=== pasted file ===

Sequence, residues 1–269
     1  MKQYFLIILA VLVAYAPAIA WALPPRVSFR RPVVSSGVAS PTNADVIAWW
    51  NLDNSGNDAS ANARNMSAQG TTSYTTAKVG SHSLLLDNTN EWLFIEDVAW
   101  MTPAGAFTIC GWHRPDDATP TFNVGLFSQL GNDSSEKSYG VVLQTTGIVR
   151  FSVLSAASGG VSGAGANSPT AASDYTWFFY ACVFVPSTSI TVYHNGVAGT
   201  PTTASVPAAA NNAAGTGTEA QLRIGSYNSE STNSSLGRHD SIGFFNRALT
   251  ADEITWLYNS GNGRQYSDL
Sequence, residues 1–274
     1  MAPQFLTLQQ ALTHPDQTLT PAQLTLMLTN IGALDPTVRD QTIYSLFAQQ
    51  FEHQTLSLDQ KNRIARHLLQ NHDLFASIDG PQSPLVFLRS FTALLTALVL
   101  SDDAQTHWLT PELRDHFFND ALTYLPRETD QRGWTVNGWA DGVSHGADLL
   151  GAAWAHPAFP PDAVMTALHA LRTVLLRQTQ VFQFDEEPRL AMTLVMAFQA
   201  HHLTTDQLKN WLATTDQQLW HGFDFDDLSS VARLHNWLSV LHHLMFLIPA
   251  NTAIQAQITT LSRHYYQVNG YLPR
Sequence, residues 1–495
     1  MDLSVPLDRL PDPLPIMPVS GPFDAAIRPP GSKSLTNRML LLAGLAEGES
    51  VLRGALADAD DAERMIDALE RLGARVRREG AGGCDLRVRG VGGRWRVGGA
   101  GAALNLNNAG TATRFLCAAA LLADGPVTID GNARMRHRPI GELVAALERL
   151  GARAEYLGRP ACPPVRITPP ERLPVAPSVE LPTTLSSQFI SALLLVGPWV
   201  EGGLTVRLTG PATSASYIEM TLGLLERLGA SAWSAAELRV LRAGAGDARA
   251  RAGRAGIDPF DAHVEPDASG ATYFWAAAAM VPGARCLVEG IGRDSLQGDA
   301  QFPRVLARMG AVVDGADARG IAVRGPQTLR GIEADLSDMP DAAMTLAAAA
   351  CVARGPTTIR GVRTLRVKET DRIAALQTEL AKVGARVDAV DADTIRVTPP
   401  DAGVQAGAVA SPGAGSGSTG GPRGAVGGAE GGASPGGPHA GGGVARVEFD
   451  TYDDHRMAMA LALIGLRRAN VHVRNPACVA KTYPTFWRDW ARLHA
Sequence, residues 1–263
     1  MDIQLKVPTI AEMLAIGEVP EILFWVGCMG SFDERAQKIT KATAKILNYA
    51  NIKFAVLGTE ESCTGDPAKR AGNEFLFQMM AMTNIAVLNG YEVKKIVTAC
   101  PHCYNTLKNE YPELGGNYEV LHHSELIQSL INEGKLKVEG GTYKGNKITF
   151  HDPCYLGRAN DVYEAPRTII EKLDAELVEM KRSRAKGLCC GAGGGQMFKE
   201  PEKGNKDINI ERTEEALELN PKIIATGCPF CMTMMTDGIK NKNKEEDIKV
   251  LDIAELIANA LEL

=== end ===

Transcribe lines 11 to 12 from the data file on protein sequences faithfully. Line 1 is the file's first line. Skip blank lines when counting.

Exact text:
   101  SDDAQTHWLT PELRDHFFND ALTYLPRETD QRGWTVNGWA DGVSHGADLL
   151  GAAWAHPAFP PDAVMTALHA LRTVLLRQTQ VFQFDEEPRL AMTLVMAFQA